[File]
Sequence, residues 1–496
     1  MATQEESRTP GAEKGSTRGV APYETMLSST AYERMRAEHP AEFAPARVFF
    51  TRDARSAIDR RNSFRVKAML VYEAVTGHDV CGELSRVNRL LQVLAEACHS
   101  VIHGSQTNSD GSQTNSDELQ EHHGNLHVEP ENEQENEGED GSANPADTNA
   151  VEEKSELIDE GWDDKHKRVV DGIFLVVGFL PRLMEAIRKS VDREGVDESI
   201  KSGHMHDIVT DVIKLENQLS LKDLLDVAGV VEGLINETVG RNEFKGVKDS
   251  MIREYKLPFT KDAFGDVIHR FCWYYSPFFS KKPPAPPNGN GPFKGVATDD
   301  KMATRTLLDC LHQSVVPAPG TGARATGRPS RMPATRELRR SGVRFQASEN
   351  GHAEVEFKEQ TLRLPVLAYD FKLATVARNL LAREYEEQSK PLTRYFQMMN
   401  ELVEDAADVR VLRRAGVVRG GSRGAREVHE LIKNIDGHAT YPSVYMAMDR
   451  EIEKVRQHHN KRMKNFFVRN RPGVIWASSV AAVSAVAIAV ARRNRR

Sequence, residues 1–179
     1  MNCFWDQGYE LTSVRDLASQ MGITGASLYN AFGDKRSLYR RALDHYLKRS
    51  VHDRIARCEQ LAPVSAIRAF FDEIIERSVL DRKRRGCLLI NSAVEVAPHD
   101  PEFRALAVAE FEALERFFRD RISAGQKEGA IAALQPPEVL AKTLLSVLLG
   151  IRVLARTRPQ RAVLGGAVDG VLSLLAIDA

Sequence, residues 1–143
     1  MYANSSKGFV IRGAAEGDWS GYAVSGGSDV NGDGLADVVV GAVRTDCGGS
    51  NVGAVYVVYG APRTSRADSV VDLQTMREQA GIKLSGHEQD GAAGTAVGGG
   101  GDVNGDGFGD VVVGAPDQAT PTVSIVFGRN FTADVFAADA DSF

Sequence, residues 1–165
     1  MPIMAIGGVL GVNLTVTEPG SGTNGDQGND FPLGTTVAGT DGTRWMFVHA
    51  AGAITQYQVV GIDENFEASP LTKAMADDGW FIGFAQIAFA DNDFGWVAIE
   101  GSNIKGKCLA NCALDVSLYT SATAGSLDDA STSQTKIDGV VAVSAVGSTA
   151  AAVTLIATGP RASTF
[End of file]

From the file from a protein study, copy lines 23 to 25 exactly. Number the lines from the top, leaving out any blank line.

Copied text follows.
    51  AGAITQYQVV GIDENFEASP LTKAMADDGW FIGFAQIAFA DNDFGWVAIE
   101  GSNIKGKCLA NCALDVSLYT SATAGSLDDA STSQTKIDGV VAVSAVGSTA
   151  AAVTLIATGP RASTF